Pet Winter Safety (cont.)

Pet Winter Safety: Know the Signs of Hypothermia and Frostbite

When cats and dogs are exposed to the cold for too long, their body temperature -- which is usually between 101°F and 102.5°F -- can drop fatally. Here's what you need to know as you keep a close eye on your pets in winter.

Hypothermia Symptoms in Dogs and Cats

  • violent shivering, followed by listlessness
  • weak pulse
  • lethargy
  • muscle stiffness
  • problems breathing
  • lack of appetite
  • rectal temperature below 98°F
  • coma
  • cardiac arrest

Hypothermia Treatment

Wrap your pet in a warm blanket or coat (you can warm blankets and coats in the dryer for a few minutes).

  • Bring your pet into a warm room.
  • Give your pet a solution of four teaspoons honey or sugar dissolved in warm water to drink. You can also put 1-2 teaspoons of corn syrup on the gums if your pet is too weak to drink. This provides an immediate energy boost.
  • Place warm, towel-wrapped water bottles against your pet's abdomen or at her armpits and chest, then wrap her in a blanket. Do not use hair dryers, heating pads, or electric blankets to warm up a hypothermic pet as this may result in burns or cause surface blood vessels to dilate, which compromises circulation to vital organs.
  • Call your veterinarian immediately.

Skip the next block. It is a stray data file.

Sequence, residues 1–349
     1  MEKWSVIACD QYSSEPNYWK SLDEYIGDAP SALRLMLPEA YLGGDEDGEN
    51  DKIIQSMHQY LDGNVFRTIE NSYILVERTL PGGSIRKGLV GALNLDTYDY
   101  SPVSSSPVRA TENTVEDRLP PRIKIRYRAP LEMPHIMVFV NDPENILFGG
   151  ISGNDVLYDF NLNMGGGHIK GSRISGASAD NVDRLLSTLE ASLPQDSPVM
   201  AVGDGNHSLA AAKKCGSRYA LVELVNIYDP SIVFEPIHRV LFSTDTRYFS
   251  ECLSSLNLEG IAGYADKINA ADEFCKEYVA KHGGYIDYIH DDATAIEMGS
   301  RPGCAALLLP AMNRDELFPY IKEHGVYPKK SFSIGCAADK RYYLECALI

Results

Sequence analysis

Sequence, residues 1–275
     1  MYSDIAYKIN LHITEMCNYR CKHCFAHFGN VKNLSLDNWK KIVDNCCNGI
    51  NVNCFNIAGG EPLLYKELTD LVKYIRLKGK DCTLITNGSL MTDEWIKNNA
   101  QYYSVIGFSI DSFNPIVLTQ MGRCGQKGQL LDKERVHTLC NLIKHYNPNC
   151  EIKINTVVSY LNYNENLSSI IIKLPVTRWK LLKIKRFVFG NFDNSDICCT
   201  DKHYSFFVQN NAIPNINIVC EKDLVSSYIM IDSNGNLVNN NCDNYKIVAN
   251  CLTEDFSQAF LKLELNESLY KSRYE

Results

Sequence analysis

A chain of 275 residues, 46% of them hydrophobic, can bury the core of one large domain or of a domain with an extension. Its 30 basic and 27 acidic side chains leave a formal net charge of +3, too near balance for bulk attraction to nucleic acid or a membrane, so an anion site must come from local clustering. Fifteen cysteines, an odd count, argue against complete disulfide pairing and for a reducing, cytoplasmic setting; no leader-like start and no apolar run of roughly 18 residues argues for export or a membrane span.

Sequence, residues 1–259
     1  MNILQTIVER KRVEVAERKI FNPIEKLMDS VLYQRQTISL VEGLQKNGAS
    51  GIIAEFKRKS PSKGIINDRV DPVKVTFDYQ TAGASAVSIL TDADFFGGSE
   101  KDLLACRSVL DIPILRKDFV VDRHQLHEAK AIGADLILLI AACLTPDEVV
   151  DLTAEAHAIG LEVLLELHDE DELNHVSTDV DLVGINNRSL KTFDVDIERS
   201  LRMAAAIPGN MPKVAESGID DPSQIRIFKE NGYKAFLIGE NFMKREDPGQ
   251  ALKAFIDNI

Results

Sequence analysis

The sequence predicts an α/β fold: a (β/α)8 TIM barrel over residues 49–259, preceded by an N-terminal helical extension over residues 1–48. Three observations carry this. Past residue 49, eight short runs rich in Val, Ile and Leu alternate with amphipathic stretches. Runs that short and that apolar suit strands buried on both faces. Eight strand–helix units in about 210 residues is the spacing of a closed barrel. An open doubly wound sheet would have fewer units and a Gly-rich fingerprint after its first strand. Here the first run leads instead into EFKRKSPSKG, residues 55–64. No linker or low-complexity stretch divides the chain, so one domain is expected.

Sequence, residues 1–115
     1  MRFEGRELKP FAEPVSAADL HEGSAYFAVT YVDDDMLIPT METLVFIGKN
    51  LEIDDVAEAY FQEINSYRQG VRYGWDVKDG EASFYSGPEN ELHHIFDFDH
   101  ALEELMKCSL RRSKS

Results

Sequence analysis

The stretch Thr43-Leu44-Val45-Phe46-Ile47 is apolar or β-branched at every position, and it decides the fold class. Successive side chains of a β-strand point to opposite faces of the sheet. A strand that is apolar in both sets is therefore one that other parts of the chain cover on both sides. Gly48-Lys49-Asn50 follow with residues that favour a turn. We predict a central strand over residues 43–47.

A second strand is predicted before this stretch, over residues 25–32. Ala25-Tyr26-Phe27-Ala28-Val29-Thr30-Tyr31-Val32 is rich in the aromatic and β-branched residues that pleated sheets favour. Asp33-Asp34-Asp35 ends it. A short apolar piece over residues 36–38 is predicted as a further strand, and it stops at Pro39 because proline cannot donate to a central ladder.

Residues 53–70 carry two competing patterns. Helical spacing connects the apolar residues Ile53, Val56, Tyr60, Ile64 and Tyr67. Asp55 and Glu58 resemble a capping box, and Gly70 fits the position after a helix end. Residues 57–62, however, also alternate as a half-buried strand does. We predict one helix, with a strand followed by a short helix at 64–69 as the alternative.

The best way to manage hypothermia is to avoid it. Always provide warm, dry shelter for pets when they're outdoors.

Frostbite Signs in Dogs and Cats

Frostbite happens when a part of your pet's body freezes. For cats, that may involve the paws, tail, or ears; for dogs, the tail, ears, foot pads, or scrotum. Severe winter weather, especially when windy or humid, can lead to frostbite. Watch for:

  • pale, gray, or blue skin at first
  • red, puffy skin later
  • pain in ears, tail, or paws when touched
  • skin that stays cold
  • shriveled skin

Frostbite Treatment

  • Apply warm (not hot) water for at least 20 minutes to the frostbitten area; Do not use hair dryers, heating pads, or electric blankets to warm up a frostbitten pet as this may cause burns.
  • Handle the affected areas very carefully; don't rub or massage them as you could cause permanent damage.
  • Call your vet immediately.

It doesn't take much to keep our pets safe when things get frosty. Just like us, our feline and canine friends need shelter, warmth, food, and care. When winter's chill sends you scurrying indoors, don't forget your furry four-footed pals and their simple needs this season.

SOURCES: Marla J. McGeorge, DVM, Portland, Oregon.

Jean Sonnenfield, DVM, Georgia Veterinary Specialists, Atlanta.

Susan G. Wynn, DVM, nutritionist, Georgia Veterinary Specialists, Atlanta; author, Manual of Natural Veterinary Medicine.

Griffin, J, MD, and Carlson, L, DVM. Dog Owner's Home Veterinary Handbook, 3rd Edition, Howell Book House, 2000.

VeterinaryPartner.com: "Hypothermia."

Hotchner, T. The Dog Bible: Everything Your Dog Wants You To Know, Gotham Books, Penguin Group, 2005.

Sherri G. pet owner; social worker, Salt Lake City, Utah.

City of Boston, "Pet Safety Tips."

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